The final layer of the Bills defense is just as strong as the other ones. Nate Clements has emerged as one of the best CBs in the league, displaying great coverage ability and playmaking ability. He is very active and with his 6 foot, 210 pound frame, he isnít shy about tackling. While he is a physical CB that gets as many tackles as almost any CB, he is also a lockdown corner that makes plays on the ball, as shown by his 6 interceptions and 5 fumbles forces. With another good year, Clements could solidify his status as a top 5 CB. The Bills also have an two great safeties. Their SS, Lawyer Milloy, is a powerful hitter and an intimidating presence that scares WRs out of the middle of the field. Troy Vincent, who was a pro-bowl CB when he was on the Eagles, switched to FS midway through his first season on the Bills. He has lost a step, but he is a veteran who knows the game and because of his size, the transition to safety is easy for him. They do have a little bit of a hole at CB after Clements. Terrence McGee is expected to start, but he is really known for kick returning and is undersized. They also have Kevin Thomas as a backup, but in general donít have good depth at CB and are weak at the position after Clements.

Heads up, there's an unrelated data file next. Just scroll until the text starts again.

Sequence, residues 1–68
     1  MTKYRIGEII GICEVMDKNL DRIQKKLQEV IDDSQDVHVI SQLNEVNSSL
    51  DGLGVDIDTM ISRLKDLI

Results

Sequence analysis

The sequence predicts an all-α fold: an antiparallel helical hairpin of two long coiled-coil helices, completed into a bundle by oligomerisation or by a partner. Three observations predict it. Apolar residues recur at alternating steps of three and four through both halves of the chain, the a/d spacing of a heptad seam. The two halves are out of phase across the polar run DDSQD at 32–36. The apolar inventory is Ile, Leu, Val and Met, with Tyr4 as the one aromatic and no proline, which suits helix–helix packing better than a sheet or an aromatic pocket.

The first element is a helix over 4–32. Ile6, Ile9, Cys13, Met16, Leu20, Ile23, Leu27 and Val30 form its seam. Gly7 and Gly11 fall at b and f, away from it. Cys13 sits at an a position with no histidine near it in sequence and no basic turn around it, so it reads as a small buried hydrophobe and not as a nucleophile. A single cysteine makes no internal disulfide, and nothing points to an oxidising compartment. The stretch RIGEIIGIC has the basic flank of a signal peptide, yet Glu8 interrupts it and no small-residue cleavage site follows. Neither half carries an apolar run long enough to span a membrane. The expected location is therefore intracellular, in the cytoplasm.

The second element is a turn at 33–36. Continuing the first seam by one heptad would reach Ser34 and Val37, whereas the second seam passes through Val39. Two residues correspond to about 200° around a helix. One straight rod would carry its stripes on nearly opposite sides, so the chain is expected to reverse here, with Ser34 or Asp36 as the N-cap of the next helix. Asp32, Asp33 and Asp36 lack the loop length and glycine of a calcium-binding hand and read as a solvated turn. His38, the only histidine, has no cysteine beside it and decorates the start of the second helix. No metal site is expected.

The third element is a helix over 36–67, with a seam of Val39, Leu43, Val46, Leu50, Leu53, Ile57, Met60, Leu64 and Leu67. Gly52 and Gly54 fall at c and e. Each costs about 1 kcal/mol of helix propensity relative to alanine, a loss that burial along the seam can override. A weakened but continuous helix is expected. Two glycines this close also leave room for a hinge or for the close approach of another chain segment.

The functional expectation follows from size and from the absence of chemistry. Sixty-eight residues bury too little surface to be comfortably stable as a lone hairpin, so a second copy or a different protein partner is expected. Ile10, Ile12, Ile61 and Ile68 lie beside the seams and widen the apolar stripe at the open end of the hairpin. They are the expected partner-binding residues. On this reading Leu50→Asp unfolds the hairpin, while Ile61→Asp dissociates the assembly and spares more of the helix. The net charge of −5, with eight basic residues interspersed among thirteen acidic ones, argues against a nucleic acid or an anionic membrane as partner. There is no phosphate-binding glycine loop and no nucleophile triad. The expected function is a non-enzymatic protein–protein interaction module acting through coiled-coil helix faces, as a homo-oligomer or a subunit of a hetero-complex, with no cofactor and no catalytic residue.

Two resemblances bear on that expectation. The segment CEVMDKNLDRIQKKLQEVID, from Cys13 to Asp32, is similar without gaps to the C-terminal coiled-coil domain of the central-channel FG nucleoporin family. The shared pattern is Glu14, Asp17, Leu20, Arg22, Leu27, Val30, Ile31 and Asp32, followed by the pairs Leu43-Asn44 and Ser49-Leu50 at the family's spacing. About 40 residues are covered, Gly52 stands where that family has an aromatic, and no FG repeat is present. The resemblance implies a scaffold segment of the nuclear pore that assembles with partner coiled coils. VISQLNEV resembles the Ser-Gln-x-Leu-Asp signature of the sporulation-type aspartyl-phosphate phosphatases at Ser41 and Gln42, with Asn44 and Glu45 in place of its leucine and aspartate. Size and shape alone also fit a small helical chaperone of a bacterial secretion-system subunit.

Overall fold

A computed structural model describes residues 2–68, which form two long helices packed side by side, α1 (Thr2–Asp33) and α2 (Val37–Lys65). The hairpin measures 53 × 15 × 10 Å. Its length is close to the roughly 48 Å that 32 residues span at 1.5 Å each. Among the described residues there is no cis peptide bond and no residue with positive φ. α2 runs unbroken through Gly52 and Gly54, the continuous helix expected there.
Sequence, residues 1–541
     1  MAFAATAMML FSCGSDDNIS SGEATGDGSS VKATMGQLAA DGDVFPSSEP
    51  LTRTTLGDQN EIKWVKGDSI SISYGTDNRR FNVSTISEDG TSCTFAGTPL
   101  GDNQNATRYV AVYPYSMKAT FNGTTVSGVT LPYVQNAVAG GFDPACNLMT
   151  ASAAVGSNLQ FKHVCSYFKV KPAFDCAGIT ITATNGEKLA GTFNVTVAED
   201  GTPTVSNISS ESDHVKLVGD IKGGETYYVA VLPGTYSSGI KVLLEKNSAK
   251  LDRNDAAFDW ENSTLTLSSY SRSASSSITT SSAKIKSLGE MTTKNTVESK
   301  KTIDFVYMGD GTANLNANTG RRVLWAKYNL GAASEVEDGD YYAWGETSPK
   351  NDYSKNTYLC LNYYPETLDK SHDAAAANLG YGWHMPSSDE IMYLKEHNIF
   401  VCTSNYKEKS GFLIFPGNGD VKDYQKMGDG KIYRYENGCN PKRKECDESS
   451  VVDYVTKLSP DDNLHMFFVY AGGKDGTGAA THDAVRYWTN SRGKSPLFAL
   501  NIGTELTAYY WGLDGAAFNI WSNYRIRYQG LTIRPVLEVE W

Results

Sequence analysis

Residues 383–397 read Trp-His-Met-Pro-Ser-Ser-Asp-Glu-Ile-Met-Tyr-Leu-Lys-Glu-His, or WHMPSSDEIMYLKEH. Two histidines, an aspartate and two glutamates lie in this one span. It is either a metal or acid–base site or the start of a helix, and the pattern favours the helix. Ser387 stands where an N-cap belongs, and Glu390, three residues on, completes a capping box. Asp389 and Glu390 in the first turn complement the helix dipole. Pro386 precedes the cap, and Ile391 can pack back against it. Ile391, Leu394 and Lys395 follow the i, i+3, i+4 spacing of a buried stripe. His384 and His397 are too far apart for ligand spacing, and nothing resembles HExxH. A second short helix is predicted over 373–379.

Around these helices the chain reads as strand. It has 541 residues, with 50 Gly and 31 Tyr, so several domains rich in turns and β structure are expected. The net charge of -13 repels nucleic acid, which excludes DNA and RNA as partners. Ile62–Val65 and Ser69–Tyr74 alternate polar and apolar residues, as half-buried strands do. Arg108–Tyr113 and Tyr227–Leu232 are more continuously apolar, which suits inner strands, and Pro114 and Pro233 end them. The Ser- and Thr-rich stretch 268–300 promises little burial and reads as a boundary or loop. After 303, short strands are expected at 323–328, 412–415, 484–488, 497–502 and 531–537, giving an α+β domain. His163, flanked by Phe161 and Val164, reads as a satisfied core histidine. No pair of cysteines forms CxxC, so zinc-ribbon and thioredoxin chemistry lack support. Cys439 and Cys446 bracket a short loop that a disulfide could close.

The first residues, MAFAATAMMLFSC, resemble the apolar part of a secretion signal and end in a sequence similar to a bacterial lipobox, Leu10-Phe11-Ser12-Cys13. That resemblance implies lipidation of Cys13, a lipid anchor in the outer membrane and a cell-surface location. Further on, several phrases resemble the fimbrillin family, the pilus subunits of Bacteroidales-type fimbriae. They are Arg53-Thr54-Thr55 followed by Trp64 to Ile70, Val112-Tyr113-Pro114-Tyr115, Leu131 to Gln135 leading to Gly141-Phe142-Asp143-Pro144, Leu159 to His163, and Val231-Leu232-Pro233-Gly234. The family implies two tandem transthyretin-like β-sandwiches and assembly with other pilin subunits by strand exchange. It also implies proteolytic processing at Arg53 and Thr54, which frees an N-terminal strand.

The Bills might seem to have a hole at pass-rusher, because they donít have any one player who really puts a lot of heat on the QB. Their team sack leader was Aaron Schobel with 8, and he was their only player with over 5 sacks. But the Bills as a team were great at putting heat on the QB and finished fourth in the league in sacks. They had 8 different players with 3 or more sacks and had players from all different positions putting heat on the QB. This can be attributed to good coaching and blitz packages, the blocking that their front 4 alone took up, and also just having players with good blitzing ability. So despite the lack of a standout pass-rusher, the Bills defense as a whole was one of the best at putting pressure on the QB last season and whether or not they can keep that up will be a major determining factor on their success this year.